Chris Froome cleared of failed drugs test and can compete in 2018 Tour de France
Chris Froome has been cleared in the case involving an adverse analytical finding for salbutamol, meaning he retains his 2017 Vuelta a Espana title and is clear to race in this month’s Tour de France.
The Union Cycliste Internationale [UCI] issued a statement on Monday morning to announce that four-time Tour de France winner Froome has been cleared of any wrongdoing, with the World Anti-Doping Agency [Wada] not treating his sample of salbutamol from 7 September 2017 as an adverse analytical finding as they are satisfied with his explanation.
Froome provided a sample twice the maximum permitted dosage of Salbutamol during the Vuelta, which he went on to win, and the UCI launched disciplinary proceedings earlier this year.
The 33-year-old maintained that he had not committed any wrongdoing, as did Team Sky, and his clearing comes just one day after Tour de France organisers Amaury Sport Organisation (ASO) attempted to block Froome’s registration for this month’s race, which gets underway on Saturday.
The announcement of Froome’s clearing by both the UCI and Wada means that Froome will be free to defend his title and continue his bid to become just the fifth man to win five Tour de France titles after Jacques Anquetil, Eddy Merckx, Bernard Hinault and Miguel Indurain.
A UCI statement read: “The Union Cycliste Internationale (UCI) confirms that the anti-doping proceedings involving Mr Christopher Froome have now been closed.
“On 20 September 2017, Mr Froome was notified that a sample collected during the Vuelta a España on 7 September 2017 was reported to contain a concentration of salbutamol in excess of 1000ng/ml.
“The World Anti-Doping Agency (Wada) Prohibited List provides that inhaled salbutamol is permitted subject to a maximum dose of 1600 micrograms over 24 hours, not to exceed 800 micrograms every 12 hours (the permitted use), and that a concentration in excess of 1000 ng/ml is an abnormal finding which is presumed not to be the result of a permitted use. The WADA Prohibited List further provides that the athlete can establish that his/her abnormal result was the consequence of a permitted use, in which case it will not be considered as an Adverse Analytical Finding (AAF).
“The UCI instigated disciplinary proceedings in accordance with the UCI Anti-Doping Rules (ADR), during which Mr Froome exercised his right to prove that his abnormal result was the consequence of a permitted use. The proceedings started with an evidentiary phase, with the UCI and Mr Froome agreeing that the UCI Anti-Doping Tribunal would decide whether certain information could be provided to Mr Froome in preparing his defence. The UCI already sought Wada’s advice at that stage, during which a significant number of expert and scientific reports were submitted on behalf of Mr Froome.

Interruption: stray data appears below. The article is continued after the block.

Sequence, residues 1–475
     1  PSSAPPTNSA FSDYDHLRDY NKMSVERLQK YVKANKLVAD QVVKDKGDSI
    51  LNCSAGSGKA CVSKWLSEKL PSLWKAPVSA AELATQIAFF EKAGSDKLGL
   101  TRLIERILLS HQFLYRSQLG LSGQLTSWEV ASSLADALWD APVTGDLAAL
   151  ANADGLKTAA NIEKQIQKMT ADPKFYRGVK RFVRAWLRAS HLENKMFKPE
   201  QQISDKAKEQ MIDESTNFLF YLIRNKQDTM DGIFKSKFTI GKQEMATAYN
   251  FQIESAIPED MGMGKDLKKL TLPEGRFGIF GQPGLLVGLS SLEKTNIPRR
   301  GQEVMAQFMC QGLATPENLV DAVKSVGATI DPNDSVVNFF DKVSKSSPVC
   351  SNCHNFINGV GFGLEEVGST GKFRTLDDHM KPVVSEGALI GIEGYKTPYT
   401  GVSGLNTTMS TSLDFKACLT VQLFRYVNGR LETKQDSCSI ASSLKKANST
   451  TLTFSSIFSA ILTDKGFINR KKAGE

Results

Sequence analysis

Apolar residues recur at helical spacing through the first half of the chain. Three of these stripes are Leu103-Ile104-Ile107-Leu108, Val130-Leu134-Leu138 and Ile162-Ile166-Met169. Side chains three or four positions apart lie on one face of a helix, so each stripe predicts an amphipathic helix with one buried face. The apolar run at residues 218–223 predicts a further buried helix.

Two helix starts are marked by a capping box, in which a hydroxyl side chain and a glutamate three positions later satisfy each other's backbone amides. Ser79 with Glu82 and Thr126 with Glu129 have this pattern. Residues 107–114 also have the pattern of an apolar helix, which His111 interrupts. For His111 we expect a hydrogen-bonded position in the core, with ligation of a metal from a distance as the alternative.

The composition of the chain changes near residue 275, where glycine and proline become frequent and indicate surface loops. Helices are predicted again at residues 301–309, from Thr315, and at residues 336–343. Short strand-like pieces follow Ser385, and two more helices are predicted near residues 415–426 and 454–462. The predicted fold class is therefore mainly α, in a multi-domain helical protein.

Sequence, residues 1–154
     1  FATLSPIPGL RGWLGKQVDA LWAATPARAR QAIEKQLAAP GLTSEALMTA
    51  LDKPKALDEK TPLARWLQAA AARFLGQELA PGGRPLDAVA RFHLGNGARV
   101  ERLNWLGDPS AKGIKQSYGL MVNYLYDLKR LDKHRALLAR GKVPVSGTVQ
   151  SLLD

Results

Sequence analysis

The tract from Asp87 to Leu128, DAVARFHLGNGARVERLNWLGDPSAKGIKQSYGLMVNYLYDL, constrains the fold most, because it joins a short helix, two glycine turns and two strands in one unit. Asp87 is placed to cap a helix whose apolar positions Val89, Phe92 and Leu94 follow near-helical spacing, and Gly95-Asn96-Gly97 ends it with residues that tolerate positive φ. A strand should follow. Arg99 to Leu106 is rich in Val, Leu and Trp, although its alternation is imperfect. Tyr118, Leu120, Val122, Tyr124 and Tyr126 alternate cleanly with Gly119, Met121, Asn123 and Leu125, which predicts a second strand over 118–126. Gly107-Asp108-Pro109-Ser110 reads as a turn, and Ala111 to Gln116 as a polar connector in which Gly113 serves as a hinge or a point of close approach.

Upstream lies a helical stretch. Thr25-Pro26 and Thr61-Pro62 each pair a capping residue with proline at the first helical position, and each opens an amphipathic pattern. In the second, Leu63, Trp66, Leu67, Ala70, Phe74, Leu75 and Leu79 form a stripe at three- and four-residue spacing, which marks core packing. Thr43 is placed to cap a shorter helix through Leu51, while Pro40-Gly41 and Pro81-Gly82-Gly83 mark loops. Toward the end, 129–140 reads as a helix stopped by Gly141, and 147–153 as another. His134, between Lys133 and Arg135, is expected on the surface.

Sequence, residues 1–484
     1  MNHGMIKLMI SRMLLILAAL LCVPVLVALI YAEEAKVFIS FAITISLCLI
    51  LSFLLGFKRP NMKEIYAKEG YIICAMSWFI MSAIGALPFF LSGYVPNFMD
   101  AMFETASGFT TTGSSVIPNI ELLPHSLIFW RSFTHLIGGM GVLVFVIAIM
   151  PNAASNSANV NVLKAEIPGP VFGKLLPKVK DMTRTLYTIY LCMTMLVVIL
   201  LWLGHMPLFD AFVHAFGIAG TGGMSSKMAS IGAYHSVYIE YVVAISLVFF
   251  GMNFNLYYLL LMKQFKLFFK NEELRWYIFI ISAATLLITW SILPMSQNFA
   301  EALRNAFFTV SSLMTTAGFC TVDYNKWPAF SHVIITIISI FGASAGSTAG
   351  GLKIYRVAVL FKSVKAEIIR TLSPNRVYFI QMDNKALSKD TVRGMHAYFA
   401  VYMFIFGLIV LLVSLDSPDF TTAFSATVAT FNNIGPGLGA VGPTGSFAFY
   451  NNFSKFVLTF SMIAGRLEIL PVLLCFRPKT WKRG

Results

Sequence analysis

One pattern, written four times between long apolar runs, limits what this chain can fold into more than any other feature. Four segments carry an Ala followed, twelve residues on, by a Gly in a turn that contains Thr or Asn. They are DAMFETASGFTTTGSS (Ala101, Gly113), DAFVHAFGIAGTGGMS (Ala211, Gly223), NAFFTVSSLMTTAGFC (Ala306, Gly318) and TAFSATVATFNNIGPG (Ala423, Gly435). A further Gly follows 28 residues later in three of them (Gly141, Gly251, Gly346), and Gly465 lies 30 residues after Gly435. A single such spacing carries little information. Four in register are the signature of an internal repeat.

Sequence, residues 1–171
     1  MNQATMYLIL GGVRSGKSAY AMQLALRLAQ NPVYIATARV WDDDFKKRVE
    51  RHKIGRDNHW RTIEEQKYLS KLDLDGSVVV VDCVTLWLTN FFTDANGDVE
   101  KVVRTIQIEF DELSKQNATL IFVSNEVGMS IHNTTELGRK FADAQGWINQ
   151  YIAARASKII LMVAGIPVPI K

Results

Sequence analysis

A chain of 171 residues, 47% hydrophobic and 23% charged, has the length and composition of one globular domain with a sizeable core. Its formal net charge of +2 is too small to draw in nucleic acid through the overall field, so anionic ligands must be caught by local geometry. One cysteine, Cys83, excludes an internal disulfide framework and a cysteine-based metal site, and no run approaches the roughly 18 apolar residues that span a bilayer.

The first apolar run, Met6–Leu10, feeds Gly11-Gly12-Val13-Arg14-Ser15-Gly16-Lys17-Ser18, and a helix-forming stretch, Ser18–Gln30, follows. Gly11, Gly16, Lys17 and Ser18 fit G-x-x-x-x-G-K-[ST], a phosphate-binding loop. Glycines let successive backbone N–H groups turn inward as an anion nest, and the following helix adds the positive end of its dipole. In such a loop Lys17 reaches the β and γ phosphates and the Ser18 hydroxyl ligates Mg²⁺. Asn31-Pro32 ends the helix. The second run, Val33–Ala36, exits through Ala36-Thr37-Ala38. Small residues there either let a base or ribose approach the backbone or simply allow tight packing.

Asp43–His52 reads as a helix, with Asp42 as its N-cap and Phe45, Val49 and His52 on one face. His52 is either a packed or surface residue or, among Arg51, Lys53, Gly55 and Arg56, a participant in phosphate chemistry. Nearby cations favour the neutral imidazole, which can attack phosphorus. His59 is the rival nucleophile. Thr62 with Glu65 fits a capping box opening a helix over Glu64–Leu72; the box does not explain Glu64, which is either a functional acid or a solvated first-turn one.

“After the evidentiary phase, Mr Froome requested additional information from Wada about the salbutamol regime. Following receipt of information from Wada, Mr Froome then filed his explanation for the abnormal result on 4 June 2018, together with significant additional expert evidence.
“The UCI has considered all the relevant evidence in detail (in consultation with its own experts and experts from Wada). On 28 June 2018, Wada informed the UCI that it would accept, based on the specific facts of the case, that Mr Froome’s sample results do not constitute an AAF. In light of Wada’s unparalleled access to information and authorship of the salbutamol regime, the UCI has decided, based on Wada’s position, to close the proceedings against Mr Froome.”
The case involving Froome led to considerable concern among his competitors over his allowance to compete while the outcome of the investigation was pending, with some riders and teams questioning whether he should be allowed to compete and others considering a boycott if the case was not closed before the start of this year’s Tour.
But the UCI moved to appease those fears, adding: “Whilst the UCI would have obviously preferred the proceedings to have been finalised earlier in the season, it had to ensure that Mr Froome had a fair process, as it would have done with any other rider, and that the correct decision was issued. Having received WADA’s position on 28 June 2018, the UCI prepared and issued its formal reasoned decision as quickly as possible in the circumstances.
“The UCI understands that there will be significant discussion of this decision, but wishes to reassure all those involved in or interested in cycling that its decision is based on expert opinions, WADA’s advice, and a full assessment of the facts of the case. The UCI hopes that the cycling world can now turn its focus to, and enjoy, the upcoming races on the cycling calendar.”
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